DENVER — Mike Shanahan smiled as he removed the blue cloth covering his steel pillar that now stands outside the south end zone of Empower Field in the Broncos’ Ring of Fame Plaza.

“It kind of looks like me,” the 69-year-old Shanahan said with a smile. “It’s pretty intense, at least on the sideline that’s for sure. A job well done. I spoke with the gentleman who did it and I said, ‘You’re pretty talented because that’s a pretty ugly picture.’”

Shanahan is officially going into the Broncos’ Ring of Fame Sunday, after being selected in 2020 as the 34th Bronco to earn the honor — former quarterback Peyton Manning will also go in this year on Oct. 31 as the 35th member.

Shanahan is arguably the greatest coach in the franchise’s history, serving as the Broncos’ head coach from 1995-2008. Along the way, he won two Super Bowls and amassed 146 victories, which is a franchise record. On Friday, the Broncos celebrated Shanahan’s historic career as he reflected on his time in Denver.

“What you’re really proud of is probably the people that have gotten you to the spot that I’m in right now,” Shanahan said. “Your coaches that you’ve had, both at the collegiate level and the professional level, the players that have given you a chance to be notarized like I am right now. It’s the whole football team that gets it done. What the Broncos have been able to do with the eight Super Bowls and all the playoffs, to be a part of that legacy is pretty special to me.

“It’s kind of the highest honor you can have because of how special this group of people is. When you coached them, you knew how well they played, how hard they played and what type of athletes and people they were. To be with this type of team is something I’ll always cherish, I’ll always honor.”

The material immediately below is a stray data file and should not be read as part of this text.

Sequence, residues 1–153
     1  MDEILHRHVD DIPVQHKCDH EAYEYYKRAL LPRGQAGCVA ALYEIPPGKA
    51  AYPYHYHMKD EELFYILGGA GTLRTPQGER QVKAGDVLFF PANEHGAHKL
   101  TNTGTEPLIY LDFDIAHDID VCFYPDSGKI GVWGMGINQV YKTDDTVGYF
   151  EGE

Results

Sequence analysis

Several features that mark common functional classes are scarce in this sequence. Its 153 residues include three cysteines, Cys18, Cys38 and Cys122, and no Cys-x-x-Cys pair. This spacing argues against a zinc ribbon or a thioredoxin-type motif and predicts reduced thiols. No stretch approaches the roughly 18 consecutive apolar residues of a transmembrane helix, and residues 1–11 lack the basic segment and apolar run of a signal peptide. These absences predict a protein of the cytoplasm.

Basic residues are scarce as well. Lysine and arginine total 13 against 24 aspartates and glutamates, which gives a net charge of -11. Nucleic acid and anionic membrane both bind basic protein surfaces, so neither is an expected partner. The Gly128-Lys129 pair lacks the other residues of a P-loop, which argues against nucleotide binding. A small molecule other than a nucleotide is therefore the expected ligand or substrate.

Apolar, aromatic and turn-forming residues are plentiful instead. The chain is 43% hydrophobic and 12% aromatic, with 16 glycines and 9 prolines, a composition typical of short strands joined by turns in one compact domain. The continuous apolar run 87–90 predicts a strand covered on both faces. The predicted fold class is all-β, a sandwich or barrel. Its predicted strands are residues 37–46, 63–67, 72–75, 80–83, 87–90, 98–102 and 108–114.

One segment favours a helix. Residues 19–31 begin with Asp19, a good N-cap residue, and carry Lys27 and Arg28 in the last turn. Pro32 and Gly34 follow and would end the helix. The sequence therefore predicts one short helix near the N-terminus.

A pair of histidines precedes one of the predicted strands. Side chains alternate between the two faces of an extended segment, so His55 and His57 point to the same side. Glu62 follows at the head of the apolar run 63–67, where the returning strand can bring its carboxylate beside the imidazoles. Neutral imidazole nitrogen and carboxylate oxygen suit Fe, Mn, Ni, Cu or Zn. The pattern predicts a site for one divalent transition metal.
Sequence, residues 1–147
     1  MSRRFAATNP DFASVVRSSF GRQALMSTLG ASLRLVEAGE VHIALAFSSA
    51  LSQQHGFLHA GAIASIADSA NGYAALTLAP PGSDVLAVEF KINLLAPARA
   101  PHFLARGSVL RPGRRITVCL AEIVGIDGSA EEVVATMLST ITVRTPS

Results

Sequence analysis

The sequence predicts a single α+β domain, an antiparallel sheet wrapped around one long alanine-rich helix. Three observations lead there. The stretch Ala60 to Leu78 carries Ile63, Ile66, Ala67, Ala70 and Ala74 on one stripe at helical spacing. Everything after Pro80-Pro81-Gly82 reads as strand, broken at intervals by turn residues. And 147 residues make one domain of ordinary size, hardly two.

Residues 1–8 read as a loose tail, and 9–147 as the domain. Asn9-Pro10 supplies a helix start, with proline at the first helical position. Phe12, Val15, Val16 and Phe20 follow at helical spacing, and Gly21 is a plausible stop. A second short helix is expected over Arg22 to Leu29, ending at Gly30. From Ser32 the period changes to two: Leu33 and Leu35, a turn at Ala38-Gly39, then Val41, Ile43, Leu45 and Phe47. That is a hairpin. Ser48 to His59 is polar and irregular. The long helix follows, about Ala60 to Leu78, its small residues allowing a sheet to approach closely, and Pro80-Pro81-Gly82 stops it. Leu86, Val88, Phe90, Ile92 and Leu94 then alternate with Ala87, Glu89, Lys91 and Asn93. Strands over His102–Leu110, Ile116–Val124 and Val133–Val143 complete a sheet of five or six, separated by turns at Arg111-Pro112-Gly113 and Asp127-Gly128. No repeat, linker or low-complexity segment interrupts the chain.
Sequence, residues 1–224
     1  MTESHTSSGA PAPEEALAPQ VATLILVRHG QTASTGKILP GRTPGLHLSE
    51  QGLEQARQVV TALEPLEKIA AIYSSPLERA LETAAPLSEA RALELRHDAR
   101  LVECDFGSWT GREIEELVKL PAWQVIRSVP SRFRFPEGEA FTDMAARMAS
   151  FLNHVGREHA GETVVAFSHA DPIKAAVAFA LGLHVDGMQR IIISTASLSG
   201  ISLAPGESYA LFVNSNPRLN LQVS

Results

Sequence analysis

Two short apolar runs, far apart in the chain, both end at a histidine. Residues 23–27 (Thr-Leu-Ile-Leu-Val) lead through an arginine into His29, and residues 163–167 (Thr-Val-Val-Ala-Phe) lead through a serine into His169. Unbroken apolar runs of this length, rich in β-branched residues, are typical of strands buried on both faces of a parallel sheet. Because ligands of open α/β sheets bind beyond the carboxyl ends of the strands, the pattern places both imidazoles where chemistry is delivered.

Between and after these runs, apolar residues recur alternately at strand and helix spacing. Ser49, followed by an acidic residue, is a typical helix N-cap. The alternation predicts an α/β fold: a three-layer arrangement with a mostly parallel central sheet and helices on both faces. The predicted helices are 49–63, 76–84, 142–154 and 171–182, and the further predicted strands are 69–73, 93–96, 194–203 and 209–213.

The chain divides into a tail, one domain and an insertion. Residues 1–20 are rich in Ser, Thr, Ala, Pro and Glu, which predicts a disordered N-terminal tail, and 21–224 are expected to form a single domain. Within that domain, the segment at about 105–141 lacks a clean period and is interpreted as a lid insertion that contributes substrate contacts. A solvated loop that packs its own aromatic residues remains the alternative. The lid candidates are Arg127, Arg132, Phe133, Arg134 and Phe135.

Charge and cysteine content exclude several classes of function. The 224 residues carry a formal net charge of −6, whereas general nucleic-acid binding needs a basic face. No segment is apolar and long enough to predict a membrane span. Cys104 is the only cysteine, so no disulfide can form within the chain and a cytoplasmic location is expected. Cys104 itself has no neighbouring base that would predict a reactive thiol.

In attendance was a good majority of Shanahan’s family, including his son Kyle, who is currently the head coach of the 49ers. But there were also several of his former coaches and players there to celebrate, including former quarterback John Elway, wide receiver Rod Smith and safety Steve Atwater, who was also honored for going into the Hall of Fame in August.

“To be honored at the same time as Mike is really special because he's a special guy in my life and in my heart,” said Atwater, who played for the Broncos from 1989-1998. “He just had great leadership skills. He knew how to motivate us and how to make us want to play hard. You’d think most players would be like that anyway. It’s just the words that he used, the tactics that he used to motivate us and to bring us together, [along with] the different activities that we did. It really made a difference in us wanting to go out and play harder and be able to sacrifice everything we could for the team.”

Shanahan was most notably known as an offensive “mastermind” with many of his concepts still being used today. His coaching tree is also one of the largest in the NFL, ranging from his son to Rams coach Sean McVay to Packers coach Mike LaFleur to Browns coach Kevin Stefanski.

“He had a great impact on the Broncos organization, first as an assistant, then as the head coach. His legacy has lived on through a bunch of these coaches,” current Broncos coach Vic Fangio said. “Mike’s been retired and hasn’t been active in the last few years, but his stuff is still active.”

But for those who know Shanahan best -- his players and coaches -- Shanahan’s career wasn’t just defined by the wins and losses, but who he was a man.

“The way he coaches is everyone gets an opportunity. He gave me an opportunity, but at the same time, he was grooming me to be great. It’s not about being good; it’s about being great,” said Smith, who played for the Broncos from 1994-2007. “For me, probably the biggest thing was, I never wanted to let him down. So, if it took going in early, staying extra late, watching more film, doing whatever you have to do, that guy you want on your side because he’ll do whatever he can to change your life. He was a big part of changing my life.”

So for Shanahan, while being a member of the Broncos’ Ring of Fame was overdue, many believe the next stop will be Canton, Ohio, in the Pro Football Hall of Fame, which is also overdue.

“He should have been in before me,” Atwater said. “I think he's well overdue and well deserving. The way that he motivated us — I know I'm not the only one that has said this. I'm sure other teammates of mine and other players that were on that team feel the exact same way. It was just something different about him. He knew how to get into people's minds to get the most out of us.”